Bridgestone Blizzak WS90 vs Michelin X-Ice Snow

A gripping contest is underway as Bridgestone Blizzak WS90, armed with its unique rubber compound for maximum winter grip, challenges the Michelin X-Ice Snow, celebrated for its advanced tread design for better handling. Will the ice reveal a clear victor in this contest of winter champions?

Blizzak WS90

Info on Sizes

The Blizzak WS90 (review) comes in 52 total sizes in 15 to 19 inches (wheels) with following specs.

  • Speed ratings: T or H.
  • Load ratings: SL or XL.
  • Tread depth: 11 or 12/32″.
  • Weight: 17 to 29 lbs.
  • Tread warranty: None.

On the other side, the Michelin X-Ice Snow (review) comes in 125 total sizes in 15 to 22 inches. They have following specs.

  • Speed ratings: T and H.
  • Load ratings: SL and XL.
  • Tread depth: 10.5/32″ on all.
  • Weight: 16 to 40 lbs.
  • Tread warranty: 40k miles.

Tread Design

The Bridgestone Blizzak WS90 showcases a very uniquely designed directional tread pattern.

Bridgestone Blizzak WS90
Bridgestone Blizzak WS90

This pattern consists primarily of three defined ribs, with the central one being continuous. So yes, you can say, that the shoulder lugs cover majority of the tread’s area.

The central most rib come with full depth interlocking sipes and incisions which for triangular shaped block pattern.

These incisions basically vary in width, and this provides you with amazing biting efficacy. And adding to that are it’s V shaped notches facing both sides (laterally).

These notches are joined up with these incisions I talked about.

Moving towards shoulders, you see more biters.

There are notches facing the middle. Then there are longitudinal incisions of varying length (just as seen on the central lugs). These actually split up the shoulder blocks.

Moreover, you also get more zigzag siping at the end there. And of course all these lugs are laced with regular wave like sipes seen everywhere else on the tread.

On the other hand, Michelin X-Ice Snow showcases a distinctive, directional tread pattern too.

Michelin X-Ice Snow
Michelin X-Ice Snow

It’s tread is equipped with 4 circumferential grooves which are formed by 4 total ribs, which are formed by 6 total ribs.

The central most longitudinal groove is the narrowest and very tough passing. It’s formed by two ribs containing blocks having multiple sharp edges, wave-like sipes, and chamfered sides facing the shoulders.

The outer surrounding lugs although also carry similar tread features, they have slightly wider spaces around them, and lugs are overall smaller.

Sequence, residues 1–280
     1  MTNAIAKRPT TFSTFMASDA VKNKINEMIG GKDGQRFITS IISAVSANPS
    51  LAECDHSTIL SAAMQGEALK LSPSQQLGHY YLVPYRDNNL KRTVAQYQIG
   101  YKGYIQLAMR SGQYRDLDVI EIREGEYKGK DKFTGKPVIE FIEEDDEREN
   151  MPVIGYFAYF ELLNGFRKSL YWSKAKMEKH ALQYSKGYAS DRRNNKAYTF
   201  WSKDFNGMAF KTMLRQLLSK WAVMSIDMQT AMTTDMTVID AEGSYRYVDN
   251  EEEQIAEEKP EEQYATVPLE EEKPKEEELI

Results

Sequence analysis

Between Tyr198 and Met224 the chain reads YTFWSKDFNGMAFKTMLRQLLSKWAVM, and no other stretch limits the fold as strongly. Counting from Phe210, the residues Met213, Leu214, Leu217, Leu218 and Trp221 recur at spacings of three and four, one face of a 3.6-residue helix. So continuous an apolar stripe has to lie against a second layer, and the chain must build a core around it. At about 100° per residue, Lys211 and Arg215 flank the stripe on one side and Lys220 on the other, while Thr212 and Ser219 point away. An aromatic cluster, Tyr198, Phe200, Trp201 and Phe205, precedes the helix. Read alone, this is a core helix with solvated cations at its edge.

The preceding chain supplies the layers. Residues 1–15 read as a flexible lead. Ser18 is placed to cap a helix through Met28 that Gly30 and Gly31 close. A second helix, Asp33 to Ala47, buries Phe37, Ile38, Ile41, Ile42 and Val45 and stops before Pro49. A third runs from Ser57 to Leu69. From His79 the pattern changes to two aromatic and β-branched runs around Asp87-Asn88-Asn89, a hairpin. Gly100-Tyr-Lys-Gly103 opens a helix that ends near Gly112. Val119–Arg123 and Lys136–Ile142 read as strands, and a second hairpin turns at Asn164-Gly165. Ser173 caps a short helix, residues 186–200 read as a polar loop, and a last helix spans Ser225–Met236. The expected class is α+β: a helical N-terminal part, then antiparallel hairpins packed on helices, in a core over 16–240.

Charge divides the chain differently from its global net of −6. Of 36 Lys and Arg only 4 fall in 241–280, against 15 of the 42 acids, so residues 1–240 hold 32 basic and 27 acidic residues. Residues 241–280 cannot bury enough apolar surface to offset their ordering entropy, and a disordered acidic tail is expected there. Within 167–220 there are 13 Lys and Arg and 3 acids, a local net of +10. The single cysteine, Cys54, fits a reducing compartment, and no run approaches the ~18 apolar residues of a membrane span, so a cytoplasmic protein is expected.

All these blocks (including the shoulders), are interconnected with each other. You can say, they are all lying on a secondary rubber layer underneath, which accounts for lug stability as the tire maneuvers.

The shoulders carry slightly softer edges, and so they are a bit squared off, you can say.

Moreover, these lugs carry rectilinear lateral siping on them. And their outer edges also have notches on them.

Wet Traction

Wet traction is primarily governed by a duo of elements: the tread pattern and the rubber compound. These dictate the tire’s grip and its defense against hydroplaning. Let’s unpack them.

Wet Grip

While both tires come armed with ample siping and adaptable tread rubber, the Bridgestone Blizzak WS90 manages to seize an advantage in the grip department.

And the reason is the tire’s dual siping design, which showcases an array of rectilinear and interlocking patterns of these slits.

Basically sipes work by drawing in water particles, enabling the biters to latch onto the slightly dried surface, and with dual siping design, as seen on Blizzak, those slits become like water magnets.

The Michelin X-Ice Snow on the other hand, although shows up with a ton of biters as well, combined with multi-directional sipes, the missing rectilinear slits in longitudinal directions don’t allow the tire to have as great of a lateral traction (on corners), as the WS90.

So Michelin has the upper hand here.

Hydroplaning Resistance

Hydroplaning arises when water obstructs the tread from making proper contact with the underlying surface, causing the tire to float a bit and losing all traction, which as one might imagine, is a major issue.

And here, between the two, the Michelin X-Ice Snow takes the lead, with its wider grooves, and sweeping arms, which allow the tire to have better average float speeds, excelling in both curved and straight aquaplaning tests.

The tire basically comes out with a genius design here, not only it offers a directional tread pattern, which swoops water off the surface of the tread, those lugs are divided up, so you get an interconnected web of grooves, running every which way, allowing for effective dispersing of water in all directions.

The Blizzak WS90 on the other hand, lacks here with its symmetric tread pattern, and missing inter-connectivity of tread voids.

Dry Traction

Dry traction is a two-part story, involving directional grip and handling. Let’s discuss them both.

Directional Grip

Dry grip hinges on the central portion of the tread since it’s the primary contact point with the road, particularly for winter tires, given their rounded contact patch and predominantly directional design.

Though this design isn’t always the best, and that explains why the Bridgestone Blizzak WS90 takes the lead in this area, showing up with faster braking efficacy.

The tire’s symmetric tread pattern showcases a continuous running central rib, maintaining an uninterrupted bond between the rubber and the road. This ensures superior braking distances, a key measure of directional grip.

Conversely, the Michelin X-Ice Snow doesn’t fare as well with its wider tread voids, and so its unable to offer a similar contact patch. Though its directional grip is still much better when you consider its handling capabilities.


The overall ability of a tire to maintain traction, especially during cornering, largely depends on its shoulder lugs. There are two key factors we evaluate in this context. Firstly, we examine how effectively the lugs interact with the surface as the tire swivels. Secondly, we measure the extent of lug flex that occurs during such maneuvers.

When looking at the Michelin X Ice Snow, we see that it displays a similar level of contact between the rubber of its shoulder lugs and the road, when compared to its competitors. However, despite this similarity, its increased weight still hinders its overall performance in this domain.